The “Divine Burglar”

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31 August 2017

The Gospel of Matthew (24:42f) proclaims the mystery of death – as a definitive encounter with Christ:

“Jesus said to his disciples: ‘Stay awake, because you do not know the day when your master is coming. You may be quite sure of this, that if the householder had known at what time of the night the burglar would come, he would have stayed awake and would not have allowed anyone to break through the wall of his house.

‘Therefore, you too must stand ready because the Son of Man is coming at an hour you do not expect.'”

One possible interpretation of this parable is that Jesus himself is the “divine burglar.” I say one possible interpretation, because as you know, the texts of scripture have various levels of meaning. And this for a variety of reasons that we needn’t go into here.

As the parable makes clear, there is a need to “stay awake” since the Son of Man is coming at an hour we do not expect. Death is like this. It comes at an hour we cannot possibly predict – even in the midst of grave illness. My experience as a priest confirms this truth. And thank God we don’t know the hour or day. We’d go mad if we did.

And now Jesus as “divine burglar.” This is quite fascinating, don’t you think? Forget the negative connotation. Focus instead on what the burglar is after.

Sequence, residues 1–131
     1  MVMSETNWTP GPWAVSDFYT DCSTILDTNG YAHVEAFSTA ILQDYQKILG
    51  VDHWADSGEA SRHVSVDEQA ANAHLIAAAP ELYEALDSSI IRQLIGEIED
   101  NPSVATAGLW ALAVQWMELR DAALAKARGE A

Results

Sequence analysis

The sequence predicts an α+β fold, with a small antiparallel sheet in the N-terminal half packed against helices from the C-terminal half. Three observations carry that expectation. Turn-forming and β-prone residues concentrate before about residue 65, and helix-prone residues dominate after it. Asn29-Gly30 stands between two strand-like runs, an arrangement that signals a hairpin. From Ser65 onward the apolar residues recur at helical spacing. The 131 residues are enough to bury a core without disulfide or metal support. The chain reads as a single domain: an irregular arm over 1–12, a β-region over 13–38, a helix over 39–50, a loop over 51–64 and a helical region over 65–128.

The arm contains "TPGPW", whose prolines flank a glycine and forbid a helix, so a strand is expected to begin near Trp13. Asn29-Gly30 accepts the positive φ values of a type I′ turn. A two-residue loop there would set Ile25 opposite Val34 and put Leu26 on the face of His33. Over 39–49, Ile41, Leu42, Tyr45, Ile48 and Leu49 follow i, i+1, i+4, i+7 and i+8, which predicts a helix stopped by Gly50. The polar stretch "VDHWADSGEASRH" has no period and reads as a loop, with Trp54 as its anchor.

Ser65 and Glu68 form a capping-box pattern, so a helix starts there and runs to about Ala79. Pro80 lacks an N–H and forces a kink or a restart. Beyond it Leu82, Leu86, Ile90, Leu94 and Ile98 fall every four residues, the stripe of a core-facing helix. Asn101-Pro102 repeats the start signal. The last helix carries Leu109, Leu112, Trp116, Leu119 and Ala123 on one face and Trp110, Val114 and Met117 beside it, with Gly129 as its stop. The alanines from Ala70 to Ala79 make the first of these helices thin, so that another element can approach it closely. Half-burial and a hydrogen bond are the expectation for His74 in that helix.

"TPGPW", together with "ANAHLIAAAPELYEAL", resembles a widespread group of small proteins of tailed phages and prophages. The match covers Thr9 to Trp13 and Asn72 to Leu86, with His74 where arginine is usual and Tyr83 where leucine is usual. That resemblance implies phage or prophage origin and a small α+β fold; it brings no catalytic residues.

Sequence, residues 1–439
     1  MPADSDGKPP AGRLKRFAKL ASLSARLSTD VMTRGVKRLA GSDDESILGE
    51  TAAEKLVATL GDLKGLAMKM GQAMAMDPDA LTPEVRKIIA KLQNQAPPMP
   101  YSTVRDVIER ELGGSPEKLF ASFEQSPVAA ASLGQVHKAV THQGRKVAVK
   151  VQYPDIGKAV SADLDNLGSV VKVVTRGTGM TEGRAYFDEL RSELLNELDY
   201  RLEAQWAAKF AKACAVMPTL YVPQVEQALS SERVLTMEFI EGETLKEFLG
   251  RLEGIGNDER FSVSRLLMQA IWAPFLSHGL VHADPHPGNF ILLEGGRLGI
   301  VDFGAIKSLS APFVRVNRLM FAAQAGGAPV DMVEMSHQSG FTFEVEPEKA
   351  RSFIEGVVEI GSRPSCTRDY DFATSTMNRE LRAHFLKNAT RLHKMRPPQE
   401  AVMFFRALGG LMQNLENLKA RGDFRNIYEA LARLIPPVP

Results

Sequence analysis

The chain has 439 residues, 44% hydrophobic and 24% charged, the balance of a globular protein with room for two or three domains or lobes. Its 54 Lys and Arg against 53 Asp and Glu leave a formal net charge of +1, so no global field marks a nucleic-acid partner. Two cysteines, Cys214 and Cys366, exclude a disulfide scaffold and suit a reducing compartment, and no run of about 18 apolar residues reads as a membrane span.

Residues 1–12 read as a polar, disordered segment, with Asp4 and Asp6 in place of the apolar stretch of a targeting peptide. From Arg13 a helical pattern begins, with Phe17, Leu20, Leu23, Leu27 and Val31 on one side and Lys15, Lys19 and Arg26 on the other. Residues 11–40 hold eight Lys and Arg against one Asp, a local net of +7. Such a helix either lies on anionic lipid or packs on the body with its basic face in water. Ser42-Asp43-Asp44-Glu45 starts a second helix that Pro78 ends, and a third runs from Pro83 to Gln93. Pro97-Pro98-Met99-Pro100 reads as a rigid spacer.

A burglar breaks in to the house and heads straight for the safe to liberate the treasure. He’s expert at this. Done it before with great precision and skill. Will do it again.

That’s it. The “divine burglar” is after the treasure. And the treasure is you and me.

We know from other parables and teachings of Jesus that God is relentless in his search for us. The Old Testament, too, has this idea that God is a jealous God and deeply desires each one of us.

But here Jesus lets us in on another dimension of his desire for us. God is not only relentless, but clever and adept at winning our hearts.

I like this theology. For despite my gifts and energies, I won’t cope with death. I’ll need my “divine burglar” to come and visit me at that unexpected moment.

“Lord,” I pray, “help me to welcome you with open arms and tender heart when that hour inevitably arrives.” Amen.

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